100-year-old paper found in containers
A new hotel, Moana, is about to open on Kalakaaua Avenue on Waikiki Beach in Honolulu.
Additionally, starting next year an American company from San Francisco will start installing a new wireless telegraphic system in Honolulu. This will mean that islanders will be able to send messages without waiting for mail boats. But it gets even better. Expectations are high among the populace that with these inventions coming on stream there just might be the possibility there will soon be flying machines such as planes for travelling by air.
Sounds like gibberish, or a time warp, doesn’t it? Especially in this era of jets, drones, laptops, tablets, smart phones and email. But these were happenings and topics of the day 112 years ago as discovered by Hanschell Inniss employee Hank Maynard while at his Fontabelle, St Michael workplace last week.
Maynard, with an eye for history, was working in a storeroom when he discovered a page from the Honolulu Tribune, dated Monday, April 1, 1901, among some imported containers.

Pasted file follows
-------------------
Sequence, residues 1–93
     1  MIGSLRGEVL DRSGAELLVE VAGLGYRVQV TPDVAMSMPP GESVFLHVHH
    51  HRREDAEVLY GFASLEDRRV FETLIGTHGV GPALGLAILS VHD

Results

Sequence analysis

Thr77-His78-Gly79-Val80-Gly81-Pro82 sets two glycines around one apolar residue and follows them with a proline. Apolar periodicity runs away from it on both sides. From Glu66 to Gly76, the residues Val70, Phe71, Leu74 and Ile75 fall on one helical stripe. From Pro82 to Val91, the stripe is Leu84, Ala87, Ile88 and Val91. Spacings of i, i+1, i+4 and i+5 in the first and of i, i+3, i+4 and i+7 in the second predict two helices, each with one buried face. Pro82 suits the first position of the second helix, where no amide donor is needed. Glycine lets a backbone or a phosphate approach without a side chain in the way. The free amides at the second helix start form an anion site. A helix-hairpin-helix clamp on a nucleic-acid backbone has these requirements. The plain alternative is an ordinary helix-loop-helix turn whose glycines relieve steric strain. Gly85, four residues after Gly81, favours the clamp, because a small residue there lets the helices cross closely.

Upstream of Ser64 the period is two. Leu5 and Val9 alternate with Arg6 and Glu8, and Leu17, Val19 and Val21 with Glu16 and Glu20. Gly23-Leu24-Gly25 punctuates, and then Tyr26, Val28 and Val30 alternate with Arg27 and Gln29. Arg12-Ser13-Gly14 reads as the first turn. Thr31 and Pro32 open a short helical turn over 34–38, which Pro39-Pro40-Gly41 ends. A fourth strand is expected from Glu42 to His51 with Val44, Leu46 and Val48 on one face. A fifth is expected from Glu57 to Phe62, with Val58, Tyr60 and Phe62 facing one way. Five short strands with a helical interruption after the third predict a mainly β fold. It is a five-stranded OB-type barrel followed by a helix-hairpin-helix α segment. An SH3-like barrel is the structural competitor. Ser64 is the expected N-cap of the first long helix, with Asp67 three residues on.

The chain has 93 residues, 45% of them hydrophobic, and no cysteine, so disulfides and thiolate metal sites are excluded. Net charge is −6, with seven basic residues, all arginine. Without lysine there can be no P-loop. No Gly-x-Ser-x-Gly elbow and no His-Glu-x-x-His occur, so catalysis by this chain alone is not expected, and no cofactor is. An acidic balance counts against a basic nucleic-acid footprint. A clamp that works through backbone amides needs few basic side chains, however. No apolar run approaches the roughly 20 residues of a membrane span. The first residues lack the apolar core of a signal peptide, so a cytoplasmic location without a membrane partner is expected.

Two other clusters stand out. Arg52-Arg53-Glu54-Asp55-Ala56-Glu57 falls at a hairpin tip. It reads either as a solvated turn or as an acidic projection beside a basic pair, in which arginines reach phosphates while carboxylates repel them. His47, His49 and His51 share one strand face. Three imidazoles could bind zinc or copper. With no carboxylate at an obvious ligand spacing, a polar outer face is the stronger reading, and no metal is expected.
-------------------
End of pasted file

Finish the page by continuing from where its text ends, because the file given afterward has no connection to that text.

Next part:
“It was among some items that were to be dumped and when I saw the date on it and realised it was over 100 years I decided to read it and keep it. I plan to have it framed. It is not every day you come across something as old as that,” he told Barbados TODAY.
A subsequent bit of research has revealed that the famous Moana Hotel is still very much in business and is known as the First Lady of Waikiki. It is one of three buildings that comprise the Moana Surfrider, A Westin Resort and Spa.
In 1905 the hotel was at the center of one of America’s legendary mysteries. Jane Stanford, co-founder of Stanford University and former wife of California governor Leland Stanford, died in one of the rooms of strychnine poisoning. The identity of her killer still remains a mystery. But at least he or she has gone to their Maker.
The newspaper utilized 100 per cent vegetable-based non-toxic ink and was retailed on Honolulu for the princely sum of one cent. That price, however, doubled on the other islands in the chain to two cents. And what about advertisers? One of the main ads in the paper was for Cremo cigars, retailing at the giveaway price of five cents. Of course, today the islanders are no longer talking about Guglielmo Marconi and his radio telegraph system and they certainly have an abundance of flying machines. . . planes, that is. (WG)